Team-based learning for teaching musculoskeletal ultrasound skills: a prospective randomised trial
The aim of this prospective randomised trial was to assess the impact of the team-based learning approach on basic musculoskeletal ultrasound skills in comparison to both peer-assisted and conventional teaching and to examine the influence of gender and learning style on learning outcomes.
In this prospective randomised trial, we randomly assigned 88 students to 3 groups: team-based learning (n = 19), peer-assisted learning (n = 36) and conventional teaching (n = 33). Pre-existing knowledge was assessed using a multiple-choice (MC) exam. Student performance after completing the course was measured using an Objective Structured Clinical Examination (OSCE) and a second MC exam. Students were asked to complete Kolb’s Learning Style Inventory and to evaluate the course.
There was a significant gain in theoretical knowledge for all students (p < 0.001). The team-based learning groups’ performance proved to be significantly superior on the OSCE (p = 0.001). As gender had no significant effect on practical or theoretical performance, learning style was linked to differences in the practical outcome. An evaluation showed overall satisfaction with the course and with the respective teaching methods.
Team-based learning proved to be superior to peer-assisted and conventional teaching of musculoskeletal ultrasound skills.
KeywordsTeam-based learning Peer teaching Medical education Ultrasound MSUS Objective structured clinical examination
The authors thank all the students who participated—without their enthusiasm and willingness, this study would not have been possible. The manuscript was proofread by Scribendi Inc., 405 Riverview Drive, Suite 304, Chatham ON, Canada.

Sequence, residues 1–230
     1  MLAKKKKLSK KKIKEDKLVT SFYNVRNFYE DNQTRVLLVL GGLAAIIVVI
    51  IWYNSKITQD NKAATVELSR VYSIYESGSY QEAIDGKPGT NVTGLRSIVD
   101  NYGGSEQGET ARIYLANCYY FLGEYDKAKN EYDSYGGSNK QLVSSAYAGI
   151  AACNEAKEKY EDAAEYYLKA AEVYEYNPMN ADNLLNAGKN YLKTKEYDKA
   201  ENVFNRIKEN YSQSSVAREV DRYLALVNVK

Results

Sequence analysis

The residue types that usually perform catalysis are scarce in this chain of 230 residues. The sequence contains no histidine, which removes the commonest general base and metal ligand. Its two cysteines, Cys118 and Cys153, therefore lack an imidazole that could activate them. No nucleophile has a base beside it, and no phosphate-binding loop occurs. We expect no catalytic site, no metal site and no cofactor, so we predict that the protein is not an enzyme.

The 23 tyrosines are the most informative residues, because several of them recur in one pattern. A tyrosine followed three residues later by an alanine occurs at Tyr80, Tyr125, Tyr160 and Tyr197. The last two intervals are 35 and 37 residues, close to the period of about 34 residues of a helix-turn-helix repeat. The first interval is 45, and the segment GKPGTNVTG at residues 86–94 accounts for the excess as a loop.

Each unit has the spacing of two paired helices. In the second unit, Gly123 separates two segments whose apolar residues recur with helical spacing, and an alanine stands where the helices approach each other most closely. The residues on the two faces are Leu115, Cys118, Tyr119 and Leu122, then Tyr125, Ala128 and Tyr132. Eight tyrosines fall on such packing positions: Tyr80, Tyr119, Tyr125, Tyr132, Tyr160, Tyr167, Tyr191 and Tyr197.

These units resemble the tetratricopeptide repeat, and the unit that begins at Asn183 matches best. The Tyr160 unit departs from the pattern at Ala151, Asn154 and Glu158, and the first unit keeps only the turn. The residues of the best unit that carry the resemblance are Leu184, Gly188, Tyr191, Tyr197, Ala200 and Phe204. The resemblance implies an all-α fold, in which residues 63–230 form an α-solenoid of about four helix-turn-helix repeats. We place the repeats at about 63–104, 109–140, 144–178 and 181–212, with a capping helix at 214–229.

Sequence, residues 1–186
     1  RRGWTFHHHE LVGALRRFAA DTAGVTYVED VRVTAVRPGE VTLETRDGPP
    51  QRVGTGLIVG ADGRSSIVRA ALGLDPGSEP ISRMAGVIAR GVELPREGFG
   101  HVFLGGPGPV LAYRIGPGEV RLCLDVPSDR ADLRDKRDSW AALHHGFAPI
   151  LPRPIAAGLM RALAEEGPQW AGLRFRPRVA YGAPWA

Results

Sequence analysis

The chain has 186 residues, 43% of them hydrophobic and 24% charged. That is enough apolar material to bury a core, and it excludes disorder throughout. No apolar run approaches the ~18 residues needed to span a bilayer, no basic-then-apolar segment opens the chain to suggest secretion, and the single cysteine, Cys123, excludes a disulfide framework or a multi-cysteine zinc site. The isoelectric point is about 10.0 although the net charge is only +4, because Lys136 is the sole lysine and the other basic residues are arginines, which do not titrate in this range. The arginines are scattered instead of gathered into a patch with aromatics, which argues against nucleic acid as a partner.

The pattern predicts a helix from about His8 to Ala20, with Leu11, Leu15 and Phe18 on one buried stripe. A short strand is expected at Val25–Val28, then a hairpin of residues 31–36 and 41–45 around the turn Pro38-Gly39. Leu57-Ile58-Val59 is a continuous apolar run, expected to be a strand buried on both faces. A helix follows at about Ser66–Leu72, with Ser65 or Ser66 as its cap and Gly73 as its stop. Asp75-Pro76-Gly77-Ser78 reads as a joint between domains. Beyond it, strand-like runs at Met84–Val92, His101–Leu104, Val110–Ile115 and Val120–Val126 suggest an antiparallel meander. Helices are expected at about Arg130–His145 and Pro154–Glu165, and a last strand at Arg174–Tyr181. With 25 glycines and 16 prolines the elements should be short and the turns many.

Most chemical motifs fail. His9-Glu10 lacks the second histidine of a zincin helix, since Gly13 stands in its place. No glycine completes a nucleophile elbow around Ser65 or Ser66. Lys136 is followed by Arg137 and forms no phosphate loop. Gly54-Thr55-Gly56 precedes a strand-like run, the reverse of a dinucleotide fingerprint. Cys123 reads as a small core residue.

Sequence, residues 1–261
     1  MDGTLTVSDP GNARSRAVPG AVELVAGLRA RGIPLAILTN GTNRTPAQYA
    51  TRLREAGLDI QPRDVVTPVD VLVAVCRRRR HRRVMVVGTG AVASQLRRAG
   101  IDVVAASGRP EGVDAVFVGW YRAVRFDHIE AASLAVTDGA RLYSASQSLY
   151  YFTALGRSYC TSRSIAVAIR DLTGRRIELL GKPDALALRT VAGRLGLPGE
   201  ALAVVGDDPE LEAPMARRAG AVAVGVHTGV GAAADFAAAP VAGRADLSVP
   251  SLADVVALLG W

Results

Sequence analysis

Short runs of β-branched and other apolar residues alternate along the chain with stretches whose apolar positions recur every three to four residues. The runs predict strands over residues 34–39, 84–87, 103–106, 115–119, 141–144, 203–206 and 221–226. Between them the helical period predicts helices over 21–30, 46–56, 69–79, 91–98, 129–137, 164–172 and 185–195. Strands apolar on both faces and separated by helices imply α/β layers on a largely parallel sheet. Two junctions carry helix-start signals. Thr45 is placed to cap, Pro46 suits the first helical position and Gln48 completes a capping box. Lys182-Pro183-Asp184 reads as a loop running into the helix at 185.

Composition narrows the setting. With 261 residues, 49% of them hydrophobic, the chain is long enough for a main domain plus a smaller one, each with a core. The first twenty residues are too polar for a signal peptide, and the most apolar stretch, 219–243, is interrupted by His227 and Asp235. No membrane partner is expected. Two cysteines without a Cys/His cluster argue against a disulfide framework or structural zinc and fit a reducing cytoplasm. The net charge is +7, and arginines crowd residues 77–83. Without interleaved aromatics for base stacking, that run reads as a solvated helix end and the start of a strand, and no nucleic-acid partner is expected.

GGD, CC and MK had full access to all the data in the study and take responsibility for the integrity of the data and the accuracy of the data analysis. All authors meet all three of the requirements for authorship. BCL, FJPB, LH, SN, CDW, CN, DE, CB and KH were highly involved in the planning and execution of this study. CC organized the project to complete his medical thesis. Furthermore, GGD, CC, BCL, FJPB, LH, CDW, CN, DE, CB and SN were highly involved in the acquisition of data and in the process of data interpretation. KH, CDW, CN and CB made a significant contribution to the analysis and interpretation of the data. Furthermore, they took part in the manuscript review process and revised it critically. In this way, they provided important intellectual content in line with the study’s execution. MK acted as the initiator of the study and was highly involved in the advancement of the conception.
Compliance with ethical standards
Conflict of interest
The authors report no conflict of interest.
Institutional Review Board approval was granted before initiation of this study, and strict confidentiality guidelines were followed (Local Ethics Committee Reference Number EK 178/09).
Consent to participate
Participants provided informed written consent for the use of their results in this study and for publication at the time of enrolment.
Consent for publication
Written consent for publication was provided at the time of enrolment by the participants.
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